It's always hard to lose a loved one, but when you lose a loved one to a drug addiction or overdose it can be even harder. Survivors may feel a range of anger, disappointment and confusion. They may wonder if they could have done anything to stop the situation from getting out of control, and they may not know what to tell others. The latter is what matters when it comes to writing an obituary.
If you are struggling with the difficult decision of whether or not you should write about a loved one's struggles with addiction in their obituary, here's what you need to consider:
1. You are not alone
After a loved one dies of addiction, you may feel like you are completely alone, but in reality, there are thousands of grievers just like you all throughout Australia. Sadly, four people die of drug overdoses every day, and in 2012, the number of Australians who died of drug overdoses exceeded the number of people who died of road fatalities.
2. Many people are starting to discuss the truth in loved one's obituaries
In the past, if a loved of died of a drug overdose, the tradition was to hide the truth. However, a new concept is emerging, and grievers are starting to open up about the truth.
One father received worldwide attention for the honest obituary he wrote about his daughter. In it, he detailed his daughter's struggles with addiction, he explained how the family tried to help her through it and he urged others in the same position to get help.
Although that particular obituary has received a lot of attention, it is certainly not the only one. Many family members are coming forward to share.
3. Talking about the issue helps bring it to the open
Drug abuse and addiction is usually wrapped up in secrets. People who struggle with these issues often hide their pain from their family, and the family often hides their struggles from others.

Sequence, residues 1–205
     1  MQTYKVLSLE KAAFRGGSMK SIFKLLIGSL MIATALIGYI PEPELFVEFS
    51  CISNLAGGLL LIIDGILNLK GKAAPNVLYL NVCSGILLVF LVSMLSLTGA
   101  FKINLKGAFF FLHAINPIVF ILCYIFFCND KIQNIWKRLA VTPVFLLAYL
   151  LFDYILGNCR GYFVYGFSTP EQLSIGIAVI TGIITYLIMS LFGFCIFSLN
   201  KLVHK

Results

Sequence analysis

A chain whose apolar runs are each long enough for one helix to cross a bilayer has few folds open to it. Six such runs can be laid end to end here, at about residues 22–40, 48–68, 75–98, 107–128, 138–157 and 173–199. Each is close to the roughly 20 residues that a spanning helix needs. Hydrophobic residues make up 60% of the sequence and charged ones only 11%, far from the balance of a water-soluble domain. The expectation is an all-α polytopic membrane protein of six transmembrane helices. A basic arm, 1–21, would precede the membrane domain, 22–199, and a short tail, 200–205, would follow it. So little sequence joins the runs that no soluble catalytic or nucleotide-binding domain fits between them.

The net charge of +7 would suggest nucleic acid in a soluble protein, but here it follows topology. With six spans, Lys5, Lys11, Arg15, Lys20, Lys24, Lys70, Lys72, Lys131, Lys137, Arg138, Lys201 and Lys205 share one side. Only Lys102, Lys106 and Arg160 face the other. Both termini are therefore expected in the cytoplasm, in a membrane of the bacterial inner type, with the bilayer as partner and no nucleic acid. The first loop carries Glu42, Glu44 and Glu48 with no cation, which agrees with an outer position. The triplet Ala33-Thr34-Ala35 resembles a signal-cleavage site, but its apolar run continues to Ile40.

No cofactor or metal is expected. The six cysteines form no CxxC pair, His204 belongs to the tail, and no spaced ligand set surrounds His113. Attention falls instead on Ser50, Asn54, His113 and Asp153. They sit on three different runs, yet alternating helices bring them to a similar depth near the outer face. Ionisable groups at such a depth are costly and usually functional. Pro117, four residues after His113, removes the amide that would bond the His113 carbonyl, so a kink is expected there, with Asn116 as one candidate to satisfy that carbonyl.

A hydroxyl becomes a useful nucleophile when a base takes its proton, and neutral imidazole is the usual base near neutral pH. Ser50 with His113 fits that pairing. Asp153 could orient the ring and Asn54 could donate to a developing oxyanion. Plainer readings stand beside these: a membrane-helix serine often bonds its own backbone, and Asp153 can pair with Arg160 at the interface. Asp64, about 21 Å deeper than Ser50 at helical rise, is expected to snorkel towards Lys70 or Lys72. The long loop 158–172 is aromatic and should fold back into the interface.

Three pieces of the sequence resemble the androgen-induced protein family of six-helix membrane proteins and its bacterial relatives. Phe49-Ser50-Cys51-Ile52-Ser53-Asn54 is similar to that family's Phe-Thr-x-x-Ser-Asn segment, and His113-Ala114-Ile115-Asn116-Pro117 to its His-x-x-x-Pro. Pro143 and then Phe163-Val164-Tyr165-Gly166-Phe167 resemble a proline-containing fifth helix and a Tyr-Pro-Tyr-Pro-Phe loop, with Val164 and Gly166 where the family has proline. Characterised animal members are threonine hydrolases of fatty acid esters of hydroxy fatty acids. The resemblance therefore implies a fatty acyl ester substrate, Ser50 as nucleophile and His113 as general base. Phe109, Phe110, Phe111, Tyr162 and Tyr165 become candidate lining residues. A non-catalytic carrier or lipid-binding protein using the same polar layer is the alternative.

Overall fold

However, people who are brave enough to share their experiences help to bring this issue out into the open. If you decide to talk about the real reason your loved one died in their obituary, you may open the doors for others to have a conversation.
The obituary you write may prompt other addicts to get help, it may encourage other family members to intercede with a loved one's issues or it may just help other grievers in the same situation know they are not alone.
4. You can talk about overdoses without tarnishing the memory of your loved one
One of the reasons so many people choose to hide drug abuse and overdoses in obituaries is because they don't want to tarnish the memory of their loved one. Ultimately, if you decide to share, it is possible to do it in a respectful way.
You can write a traditional obituary that describes your loved one's life and their accomplishments, but you can also write about how they struggled with addiction and ultimately lost. Many people frame the addiction as a mental health issue rather than a personal weakness as that is a respectful angle to take.
5. Your funeral director can help
When making tough decisions about what to write in an obituary, your funeral director can help you. These professionals help with every aspect of planning a funeral from preparing the site for the ceremony to organizing the cremation to sending the obituary to the relevant newspapers or websites.
As funeral directors help people deal with grief every single day, they may have unique ideas for you on how to deal with your grief and how to explain your loss to others in the obituary.
Ultimately, the decision is up to you, and there is no right or wrong answer. However, if you decide to share your loved one's true cause of death, remember that it could help others.